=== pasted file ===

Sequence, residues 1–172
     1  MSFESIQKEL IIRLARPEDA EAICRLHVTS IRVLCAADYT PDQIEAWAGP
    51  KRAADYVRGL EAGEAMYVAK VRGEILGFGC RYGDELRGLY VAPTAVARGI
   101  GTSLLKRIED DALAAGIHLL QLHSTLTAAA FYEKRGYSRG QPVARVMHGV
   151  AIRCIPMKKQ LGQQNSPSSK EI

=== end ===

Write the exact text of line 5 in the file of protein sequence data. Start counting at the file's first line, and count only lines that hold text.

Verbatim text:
   151  AIRCIPMKKQ LGQQNSPSSK EI